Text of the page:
In this wonderful little world we call eventing, the depths of affluence can seem dizzying at times. Do you see that rider who just galloped by? Her bridle costs as much as my first car. But for every rider who is turned out in all the latest, most stylish gear there is another who has just as much passion but infinitely fewer resources.
The gap can be intimidating for those of us on the shallower end of the financial pool but there is, in fact, a lot that can be done to bridge that distance. As a young rider I felt that I was doing the best I could with the knowledge and resources I had but, in looking back on those years, there is so much I could have done differently.
It would be an enormous privilege if I could share lessons learned in my journey and, in doing so, offer encouragement to riders such as myself who are doing their best with limited resources. So while not everyone can afford a fancy imported horse and a four-horse head-to-head trailer, there are innumerable ways to level the playing field. Where should we start?
Knowledge Is Power
Having a great trainer is absolutely essential but also costly. If you can’t afford lessons as often as you’d like, augment your lesson schedule with free or low-cost learning opportunities.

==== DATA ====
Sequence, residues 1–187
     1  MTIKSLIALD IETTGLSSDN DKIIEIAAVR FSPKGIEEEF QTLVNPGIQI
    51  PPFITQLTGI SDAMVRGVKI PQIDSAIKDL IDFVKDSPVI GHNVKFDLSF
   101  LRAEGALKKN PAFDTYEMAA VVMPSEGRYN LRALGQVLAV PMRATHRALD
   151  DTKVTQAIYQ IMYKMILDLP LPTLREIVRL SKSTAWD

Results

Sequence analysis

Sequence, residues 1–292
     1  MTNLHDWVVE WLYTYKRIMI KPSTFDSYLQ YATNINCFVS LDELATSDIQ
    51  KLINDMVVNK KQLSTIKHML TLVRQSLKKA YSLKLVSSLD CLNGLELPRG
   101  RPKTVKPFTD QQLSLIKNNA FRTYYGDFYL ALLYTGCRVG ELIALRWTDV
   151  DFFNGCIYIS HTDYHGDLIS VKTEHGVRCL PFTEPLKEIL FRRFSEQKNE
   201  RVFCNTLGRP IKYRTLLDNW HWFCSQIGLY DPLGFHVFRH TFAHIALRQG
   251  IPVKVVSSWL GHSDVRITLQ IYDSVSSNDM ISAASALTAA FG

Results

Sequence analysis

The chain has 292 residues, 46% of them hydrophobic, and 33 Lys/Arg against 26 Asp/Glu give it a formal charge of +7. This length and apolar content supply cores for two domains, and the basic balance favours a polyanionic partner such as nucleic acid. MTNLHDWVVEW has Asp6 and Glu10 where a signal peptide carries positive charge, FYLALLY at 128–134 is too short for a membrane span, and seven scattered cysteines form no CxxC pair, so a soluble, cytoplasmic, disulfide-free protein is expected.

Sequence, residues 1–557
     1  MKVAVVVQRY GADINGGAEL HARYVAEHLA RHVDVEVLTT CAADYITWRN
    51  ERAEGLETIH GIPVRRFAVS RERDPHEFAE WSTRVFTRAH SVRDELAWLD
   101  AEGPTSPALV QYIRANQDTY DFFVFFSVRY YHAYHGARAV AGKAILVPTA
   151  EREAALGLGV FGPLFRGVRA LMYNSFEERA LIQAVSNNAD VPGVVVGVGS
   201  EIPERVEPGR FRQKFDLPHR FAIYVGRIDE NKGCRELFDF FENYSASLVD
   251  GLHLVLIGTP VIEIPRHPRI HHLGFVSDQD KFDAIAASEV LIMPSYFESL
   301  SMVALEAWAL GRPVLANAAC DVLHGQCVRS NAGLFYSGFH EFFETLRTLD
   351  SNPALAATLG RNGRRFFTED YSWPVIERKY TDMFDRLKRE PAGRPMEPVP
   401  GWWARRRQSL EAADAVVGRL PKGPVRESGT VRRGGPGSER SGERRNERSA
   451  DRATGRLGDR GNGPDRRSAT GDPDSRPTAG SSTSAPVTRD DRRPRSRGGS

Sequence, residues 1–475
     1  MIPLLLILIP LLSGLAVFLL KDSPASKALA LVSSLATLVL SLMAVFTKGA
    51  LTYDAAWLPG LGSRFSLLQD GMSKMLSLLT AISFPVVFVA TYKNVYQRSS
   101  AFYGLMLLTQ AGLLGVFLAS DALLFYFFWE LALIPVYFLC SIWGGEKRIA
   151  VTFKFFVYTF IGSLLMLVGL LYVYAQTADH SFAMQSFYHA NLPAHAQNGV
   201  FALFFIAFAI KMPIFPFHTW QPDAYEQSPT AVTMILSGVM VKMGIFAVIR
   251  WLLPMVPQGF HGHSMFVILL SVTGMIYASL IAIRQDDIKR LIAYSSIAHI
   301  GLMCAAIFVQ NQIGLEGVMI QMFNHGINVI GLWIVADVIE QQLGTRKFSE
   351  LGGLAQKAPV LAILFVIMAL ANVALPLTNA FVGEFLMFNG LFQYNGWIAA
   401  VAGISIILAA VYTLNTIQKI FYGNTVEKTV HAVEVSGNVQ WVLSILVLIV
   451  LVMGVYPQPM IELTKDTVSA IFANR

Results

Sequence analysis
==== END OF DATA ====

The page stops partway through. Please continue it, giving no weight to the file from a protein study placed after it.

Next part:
Reading is a wonderful place to start. There are loads of amazing books on riding and training in all disciplines — don’t box yourself into only eventing related material. Good horsemanship is good horsemanship, regardless of the sport. Some of my personal favorites are Complete Horse Riding Manual by William Micklem, Riding and Jumping Clinic by Anne Kursinski, Hunter Seat Equitation by George Morris, and Reiner Klimke’s Basic Training of the Young Horse and Cavaletti. Inexpensive used copies of books are typically easy to come by, but the library really is an unsung hero of the world these days. It’s easy to search your local library system for any book you want and if none of the libraries own a copy most branches are great about purchasing books through a simple request process.
For visual learners, watching videos of top riders is a tremendous tool and totally free as long as you’ve got internet access. It can be helpful to find several riders whose style you want to emulate and watch them at various levels and in all three phases. Lots of competitions are available for live streaming these days as well. In my time as a working student I definitely benefited tremendously from amazing lessons, but the amount of time I spent watching great, consistent, correct riding day after day was equally enlightening. Auditing clinics is another option although there is typically a fee.
Looking the Part